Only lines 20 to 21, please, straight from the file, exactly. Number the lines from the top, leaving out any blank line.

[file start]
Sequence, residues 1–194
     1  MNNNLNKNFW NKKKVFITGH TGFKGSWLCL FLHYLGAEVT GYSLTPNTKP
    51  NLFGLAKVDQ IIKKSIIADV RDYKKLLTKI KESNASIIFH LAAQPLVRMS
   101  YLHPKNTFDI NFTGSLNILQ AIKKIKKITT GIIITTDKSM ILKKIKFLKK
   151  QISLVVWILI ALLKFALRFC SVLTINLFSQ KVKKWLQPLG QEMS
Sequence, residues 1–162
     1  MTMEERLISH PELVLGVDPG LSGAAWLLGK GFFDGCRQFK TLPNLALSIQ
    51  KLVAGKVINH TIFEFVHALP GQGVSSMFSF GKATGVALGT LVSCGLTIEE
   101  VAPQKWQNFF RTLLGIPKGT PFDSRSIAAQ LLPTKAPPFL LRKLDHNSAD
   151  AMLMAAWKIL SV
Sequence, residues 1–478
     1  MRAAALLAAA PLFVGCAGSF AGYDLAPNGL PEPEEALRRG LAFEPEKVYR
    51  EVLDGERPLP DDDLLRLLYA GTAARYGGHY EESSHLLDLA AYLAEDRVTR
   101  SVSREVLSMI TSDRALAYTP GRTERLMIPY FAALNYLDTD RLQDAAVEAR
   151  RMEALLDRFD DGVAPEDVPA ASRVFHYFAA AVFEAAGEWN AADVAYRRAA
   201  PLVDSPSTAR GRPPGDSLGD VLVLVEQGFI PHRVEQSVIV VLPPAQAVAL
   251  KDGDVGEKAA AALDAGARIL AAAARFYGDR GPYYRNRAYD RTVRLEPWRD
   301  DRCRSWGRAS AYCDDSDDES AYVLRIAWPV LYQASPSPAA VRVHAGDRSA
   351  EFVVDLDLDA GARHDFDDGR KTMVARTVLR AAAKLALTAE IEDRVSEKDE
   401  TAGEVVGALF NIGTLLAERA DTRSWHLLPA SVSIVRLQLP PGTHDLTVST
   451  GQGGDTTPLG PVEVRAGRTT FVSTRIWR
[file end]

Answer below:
   401  TAGEVVGALF NIGTLLAERA DTRSWHLLPA SVSIVRLQLP PGTHDLTVST
   451  GQGGDTTPLG PVEVRAGRTT FVSTRIWR